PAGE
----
For us, elections are a festival of democracy. Every citizen gets the opportunity to be part of this celebration and hence, as a party, we try to reach out to each and every one. It is also a time for people to evaluate our performance and our karyakartas make sure that people have all the information and awareness on the kind of work that has taken place in the last decade.

In this election, the energy and liveliness in BJP booths is palpable. I tell our party karyakartas that on the day of election take everyone along while going out to vote and create a festive and jubilant atmosphere. The world should see how joyfully and collectively India celebrates its democracy.

There’s been a lot of controversy over the Prajwal Revanna tapes in Karnataka. While the law will take its own course, and the elections are over there, as the PM, is there something you wish to say on this controversy, especially since the JD(S) is your ally and you addressed an election meeting in Hassan.

I firmly believe that every Indian citizen is equal in the eyes of the law. Be it Sandeshkhali or Karnataka, whoever committed such heinous acts, whether they belong to any party, must face severe consequences, must face the strictest punishment. And it’s the duty of the state government to ensure law and order, whichever part of India it is.

Do you think our election campaigns have failed to keep pace with the times? We are still talking about religion and caste, and freebies and reservation, when there are far more important issues that need to be discussed.

Please do a detailed analysis of the speeches by people from all parties and you will see who is speaking progressive points and who is only focussing on regressive issues. Today in the world of Artificial Intelligence, you can do this comparative analysis very quickly.

If the Congress party’s agenda is to take away the reservation of SCs, STs and OBCs, and give it to their vote banks unconstitutionally, on the basis of religion, then it will have to be questioned. In such a situation, being silent would be incorrect.

It is the Congress party that is bringing religion and divisive issues, agendas into the picture.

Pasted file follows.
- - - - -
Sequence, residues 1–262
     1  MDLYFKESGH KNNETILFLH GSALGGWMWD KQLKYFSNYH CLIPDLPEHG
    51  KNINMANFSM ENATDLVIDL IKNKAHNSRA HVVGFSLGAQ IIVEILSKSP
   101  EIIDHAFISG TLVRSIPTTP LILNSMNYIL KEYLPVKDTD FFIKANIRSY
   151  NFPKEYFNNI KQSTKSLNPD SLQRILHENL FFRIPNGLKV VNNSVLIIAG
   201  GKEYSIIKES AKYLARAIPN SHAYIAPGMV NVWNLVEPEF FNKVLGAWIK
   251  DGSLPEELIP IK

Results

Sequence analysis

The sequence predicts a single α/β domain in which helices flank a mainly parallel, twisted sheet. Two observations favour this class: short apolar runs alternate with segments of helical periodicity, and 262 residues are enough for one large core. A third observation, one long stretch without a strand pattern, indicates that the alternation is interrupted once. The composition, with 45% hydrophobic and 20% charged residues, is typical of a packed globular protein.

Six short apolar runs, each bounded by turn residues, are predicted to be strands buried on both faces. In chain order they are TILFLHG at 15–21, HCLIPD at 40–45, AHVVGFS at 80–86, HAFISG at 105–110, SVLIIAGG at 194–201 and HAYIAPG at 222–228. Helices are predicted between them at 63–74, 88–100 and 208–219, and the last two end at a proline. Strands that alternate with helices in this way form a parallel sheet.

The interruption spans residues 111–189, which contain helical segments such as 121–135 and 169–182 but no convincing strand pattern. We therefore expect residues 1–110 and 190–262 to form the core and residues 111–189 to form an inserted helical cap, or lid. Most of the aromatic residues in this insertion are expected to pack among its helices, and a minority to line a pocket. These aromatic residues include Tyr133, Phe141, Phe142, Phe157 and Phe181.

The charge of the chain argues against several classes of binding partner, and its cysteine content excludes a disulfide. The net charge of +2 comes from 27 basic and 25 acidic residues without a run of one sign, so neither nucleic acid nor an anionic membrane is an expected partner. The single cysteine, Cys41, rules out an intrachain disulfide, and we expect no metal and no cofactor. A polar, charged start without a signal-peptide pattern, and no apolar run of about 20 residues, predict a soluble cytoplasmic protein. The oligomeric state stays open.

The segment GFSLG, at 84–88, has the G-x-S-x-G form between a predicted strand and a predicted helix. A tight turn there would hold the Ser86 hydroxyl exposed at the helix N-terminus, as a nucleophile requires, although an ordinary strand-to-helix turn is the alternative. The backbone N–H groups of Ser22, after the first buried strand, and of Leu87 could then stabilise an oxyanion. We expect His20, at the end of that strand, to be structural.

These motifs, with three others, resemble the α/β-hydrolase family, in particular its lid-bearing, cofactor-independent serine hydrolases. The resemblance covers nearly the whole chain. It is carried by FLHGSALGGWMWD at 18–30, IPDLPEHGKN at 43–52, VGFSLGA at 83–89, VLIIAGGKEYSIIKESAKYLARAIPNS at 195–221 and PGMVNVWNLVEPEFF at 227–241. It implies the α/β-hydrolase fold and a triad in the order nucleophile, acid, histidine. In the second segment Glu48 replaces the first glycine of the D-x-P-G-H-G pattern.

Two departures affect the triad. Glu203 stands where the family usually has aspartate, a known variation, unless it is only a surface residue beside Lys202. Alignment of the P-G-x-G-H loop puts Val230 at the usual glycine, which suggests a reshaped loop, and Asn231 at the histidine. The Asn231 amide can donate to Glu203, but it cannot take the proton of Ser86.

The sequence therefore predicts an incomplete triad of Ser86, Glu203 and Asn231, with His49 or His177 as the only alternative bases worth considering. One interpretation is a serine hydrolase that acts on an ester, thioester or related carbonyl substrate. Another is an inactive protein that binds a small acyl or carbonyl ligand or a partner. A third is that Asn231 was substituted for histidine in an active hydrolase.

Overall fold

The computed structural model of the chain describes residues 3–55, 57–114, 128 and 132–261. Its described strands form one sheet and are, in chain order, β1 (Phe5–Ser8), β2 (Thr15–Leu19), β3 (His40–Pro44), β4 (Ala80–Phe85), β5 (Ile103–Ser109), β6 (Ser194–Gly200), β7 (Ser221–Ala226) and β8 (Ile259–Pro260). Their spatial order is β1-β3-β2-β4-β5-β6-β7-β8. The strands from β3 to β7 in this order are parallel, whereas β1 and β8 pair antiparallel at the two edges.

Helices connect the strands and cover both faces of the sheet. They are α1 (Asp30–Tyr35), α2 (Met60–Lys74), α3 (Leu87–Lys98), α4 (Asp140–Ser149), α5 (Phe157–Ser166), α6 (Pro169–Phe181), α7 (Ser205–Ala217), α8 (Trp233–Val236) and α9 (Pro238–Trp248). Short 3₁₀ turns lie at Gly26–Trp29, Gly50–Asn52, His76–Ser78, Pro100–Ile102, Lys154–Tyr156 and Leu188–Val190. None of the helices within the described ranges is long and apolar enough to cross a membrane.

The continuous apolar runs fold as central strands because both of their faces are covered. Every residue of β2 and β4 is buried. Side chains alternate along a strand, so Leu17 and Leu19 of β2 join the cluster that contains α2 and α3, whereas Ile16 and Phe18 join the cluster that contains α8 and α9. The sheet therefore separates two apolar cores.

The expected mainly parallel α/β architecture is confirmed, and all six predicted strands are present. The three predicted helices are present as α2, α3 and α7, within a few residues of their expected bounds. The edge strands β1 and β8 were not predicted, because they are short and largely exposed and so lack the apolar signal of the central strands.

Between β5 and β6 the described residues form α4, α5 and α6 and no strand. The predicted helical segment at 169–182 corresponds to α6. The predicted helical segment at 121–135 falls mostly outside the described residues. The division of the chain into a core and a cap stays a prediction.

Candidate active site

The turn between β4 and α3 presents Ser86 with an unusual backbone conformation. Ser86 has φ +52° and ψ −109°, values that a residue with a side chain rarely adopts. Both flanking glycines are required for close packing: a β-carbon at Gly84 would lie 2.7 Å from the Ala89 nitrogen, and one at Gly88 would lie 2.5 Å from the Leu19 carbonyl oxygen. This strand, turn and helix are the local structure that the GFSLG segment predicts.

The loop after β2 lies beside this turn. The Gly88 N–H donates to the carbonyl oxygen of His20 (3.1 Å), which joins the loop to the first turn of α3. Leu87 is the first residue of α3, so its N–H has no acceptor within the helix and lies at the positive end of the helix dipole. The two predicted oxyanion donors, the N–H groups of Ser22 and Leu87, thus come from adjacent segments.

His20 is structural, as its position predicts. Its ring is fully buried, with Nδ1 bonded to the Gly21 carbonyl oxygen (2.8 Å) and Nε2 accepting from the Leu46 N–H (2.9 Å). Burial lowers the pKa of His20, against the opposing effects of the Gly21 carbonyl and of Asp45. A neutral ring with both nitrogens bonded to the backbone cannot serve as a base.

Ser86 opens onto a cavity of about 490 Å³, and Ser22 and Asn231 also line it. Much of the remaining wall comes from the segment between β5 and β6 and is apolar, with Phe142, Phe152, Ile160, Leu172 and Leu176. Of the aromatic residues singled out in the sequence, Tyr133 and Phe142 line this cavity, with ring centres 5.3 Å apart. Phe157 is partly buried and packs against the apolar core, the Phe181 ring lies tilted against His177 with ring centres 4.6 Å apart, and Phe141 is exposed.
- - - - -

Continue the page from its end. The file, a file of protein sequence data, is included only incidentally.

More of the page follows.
The people of these communities are raising questions about their dangerous agenda and as a party that represents the people’s aspirations, we will also reflect their concerns.

These are important questions that need to be answered by the Congress.

As for keeping pace with the times, if you observe our party’s manifesto or the speeches of our leaders, it is clear that we are the only party speaking about creating a developed India, about a net-zero future, about becoming the third largest economy, etc.

In some states the BJP is also fighting against parties that have been supporting your legislative agenda in Parliament. How different is it from fighting an ideologically hostile Opposition?

Ours is a strong and vibrant democracy with many different ideas, ideologies and schools of thought. They are all welcome.

There can be differences in ideology but I do not think there should be hostility. And, there must always be a consensus on some basic issues affecting the unity and integrity of our nation.

Non-Congress parties, especially those like the BJP, have been in the Opposition benches for a long time, at both Centre and state levels. So, these parties have a certain level of maturity, pragmatism and constructive attitude.

For most such parties, fighting elections against each other but agreeing on certain issues in terms of legislation and governance has been a common experience. This has been the norm for most of our democratic history, not an aberration.